B.C. election 2017: Victoria Swan Lake riding

In 2013, NDP incumbent Rob Fleming won re-election by a better-than 2-to-1 margin (54 per cent to 23 per cent) and like nearby Victoria-Beacon Hill, the Green Party candidate finished second, winning 23.2 per cent.

In 2009: Fleming won this riding over Liberal candidate Jesse McClinton by more than 7,000 votes, 61-27 per cent. The Greens have made Victoria Swan Lake one of their targeted ridings in this election, although they have a significant gap to make up to beat Fleming.

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History & Geography: Created in 1991 when Victoria was broken up from a two-member district into two smaller seats, Victoria-Swan Lake consists of Victoria north of Bay street, and Saanich west of Shellbourne and south of McKenzie Street east of Highway 17, at which point Highway 1 becomes the dividing line. The riding has elected an NDP candidate in five of its six elections, with heavy support for the party in Fernwood.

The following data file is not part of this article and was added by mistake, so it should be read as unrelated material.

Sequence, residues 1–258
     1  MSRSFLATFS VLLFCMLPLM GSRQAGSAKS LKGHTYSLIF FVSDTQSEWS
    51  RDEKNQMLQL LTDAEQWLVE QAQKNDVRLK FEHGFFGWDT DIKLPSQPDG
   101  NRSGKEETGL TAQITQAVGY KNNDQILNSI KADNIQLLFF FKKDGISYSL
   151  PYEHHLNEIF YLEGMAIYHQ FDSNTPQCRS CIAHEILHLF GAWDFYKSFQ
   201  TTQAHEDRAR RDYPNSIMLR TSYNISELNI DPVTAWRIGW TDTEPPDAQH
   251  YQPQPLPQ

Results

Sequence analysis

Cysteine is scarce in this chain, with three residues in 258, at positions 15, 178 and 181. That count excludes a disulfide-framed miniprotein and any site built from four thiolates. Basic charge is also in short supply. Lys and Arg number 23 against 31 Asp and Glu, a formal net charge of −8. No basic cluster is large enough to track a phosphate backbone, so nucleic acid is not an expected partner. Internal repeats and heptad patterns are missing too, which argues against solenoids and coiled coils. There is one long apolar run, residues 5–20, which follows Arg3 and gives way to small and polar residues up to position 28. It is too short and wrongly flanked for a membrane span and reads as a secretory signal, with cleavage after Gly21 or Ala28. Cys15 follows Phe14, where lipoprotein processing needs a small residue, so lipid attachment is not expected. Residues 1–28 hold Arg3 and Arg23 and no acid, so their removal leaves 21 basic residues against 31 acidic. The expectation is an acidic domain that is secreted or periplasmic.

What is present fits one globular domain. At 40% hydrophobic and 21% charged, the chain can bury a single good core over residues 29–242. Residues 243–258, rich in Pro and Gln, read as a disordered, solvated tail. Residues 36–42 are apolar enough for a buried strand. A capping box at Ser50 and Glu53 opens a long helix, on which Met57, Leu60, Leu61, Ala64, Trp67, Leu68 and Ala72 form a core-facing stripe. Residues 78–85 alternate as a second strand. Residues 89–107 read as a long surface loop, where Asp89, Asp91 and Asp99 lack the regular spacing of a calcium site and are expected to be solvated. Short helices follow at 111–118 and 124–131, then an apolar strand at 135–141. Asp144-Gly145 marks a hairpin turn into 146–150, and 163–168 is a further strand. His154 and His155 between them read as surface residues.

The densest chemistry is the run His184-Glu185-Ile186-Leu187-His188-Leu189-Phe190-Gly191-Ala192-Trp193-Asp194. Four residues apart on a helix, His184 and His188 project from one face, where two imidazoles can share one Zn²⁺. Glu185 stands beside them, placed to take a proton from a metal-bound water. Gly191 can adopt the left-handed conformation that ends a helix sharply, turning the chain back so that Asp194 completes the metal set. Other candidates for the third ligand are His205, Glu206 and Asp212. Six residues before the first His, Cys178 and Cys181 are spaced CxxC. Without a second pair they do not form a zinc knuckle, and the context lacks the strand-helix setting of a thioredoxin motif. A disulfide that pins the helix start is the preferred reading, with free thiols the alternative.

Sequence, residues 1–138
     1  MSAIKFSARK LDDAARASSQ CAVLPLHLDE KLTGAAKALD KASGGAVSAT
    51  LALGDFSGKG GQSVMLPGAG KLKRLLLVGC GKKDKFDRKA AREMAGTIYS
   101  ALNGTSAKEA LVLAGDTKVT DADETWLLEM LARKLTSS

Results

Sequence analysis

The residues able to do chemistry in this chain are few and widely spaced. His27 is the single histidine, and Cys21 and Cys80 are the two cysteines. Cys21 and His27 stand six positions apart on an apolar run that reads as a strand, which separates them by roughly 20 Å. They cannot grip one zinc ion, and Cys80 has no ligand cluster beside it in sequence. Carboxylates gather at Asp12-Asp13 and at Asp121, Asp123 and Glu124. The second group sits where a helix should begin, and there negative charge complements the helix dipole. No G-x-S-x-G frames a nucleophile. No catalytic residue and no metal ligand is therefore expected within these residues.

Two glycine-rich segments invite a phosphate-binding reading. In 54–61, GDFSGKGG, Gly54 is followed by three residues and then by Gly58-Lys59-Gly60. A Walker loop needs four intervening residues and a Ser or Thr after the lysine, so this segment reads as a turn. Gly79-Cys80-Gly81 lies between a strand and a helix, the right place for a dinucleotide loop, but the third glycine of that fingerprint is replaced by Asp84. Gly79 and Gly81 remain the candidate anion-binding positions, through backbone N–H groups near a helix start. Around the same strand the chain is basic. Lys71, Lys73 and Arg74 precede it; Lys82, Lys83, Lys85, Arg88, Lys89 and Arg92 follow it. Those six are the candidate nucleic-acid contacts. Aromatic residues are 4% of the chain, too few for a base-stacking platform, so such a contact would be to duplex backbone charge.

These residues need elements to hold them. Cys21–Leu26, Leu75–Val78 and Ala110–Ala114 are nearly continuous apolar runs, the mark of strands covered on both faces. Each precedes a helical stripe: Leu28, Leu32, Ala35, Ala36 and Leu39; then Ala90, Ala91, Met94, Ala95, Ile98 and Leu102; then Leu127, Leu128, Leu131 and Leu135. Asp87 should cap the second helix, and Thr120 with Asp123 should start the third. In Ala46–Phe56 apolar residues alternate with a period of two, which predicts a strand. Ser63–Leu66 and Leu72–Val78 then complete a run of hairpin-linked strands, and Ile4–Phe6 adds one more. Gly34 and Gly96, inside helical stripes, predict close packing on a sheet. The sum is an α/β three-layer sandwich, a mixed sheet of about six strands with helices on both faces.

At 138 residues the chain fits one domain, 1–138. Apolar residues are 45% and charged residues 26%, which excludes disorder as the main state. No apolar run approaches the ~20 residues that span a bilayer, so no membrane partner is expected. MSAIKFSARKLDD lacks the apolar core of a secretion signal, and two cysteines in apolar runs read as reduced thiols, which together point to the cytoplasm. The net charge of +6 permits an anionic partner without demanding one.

Candidates

Liberals – Stacey Piercey: CEO of Stuff2Digital Inc, a digital media consulting company. A transgender candidate and LGBTQ advocate.

NDP – Rob Fleming: The NDP’s education critic, Fleming was first elected in 2005 after serving on Victoria city council for six years. He worked for a communications consulting business, and was president of UVic’s student union.

Greens – Chris Maxwell: A cancer researcher at BC Children’s Hospital. Should Maxwell win, he says he plans to move to Victoria and live in the riding.

The Vancouver Island Party – David Costigane: The Vancouver Island Party is a ‘single issue’ party dedicated to the secession of Vancouver Island from B.C., to become a separate province within Confederation. They are running four candidates.

2017 Stats: Victoria-Swan Lake

Population (2014): 51,569 (64th)
Population Deviation from Average: -2.9 per cent
Area: 18 sq km (72nd)
Pop Density: 2,864.9 (16th)
Average Age: 40.4 years (48th)
English as Second Language: 16.45 per cent (43rd)

Top 3 Second Languages:
Chinese, n.o.s. – 1.74 per cent
Cantonese – 1.32 per cent
German – 1.21 per cent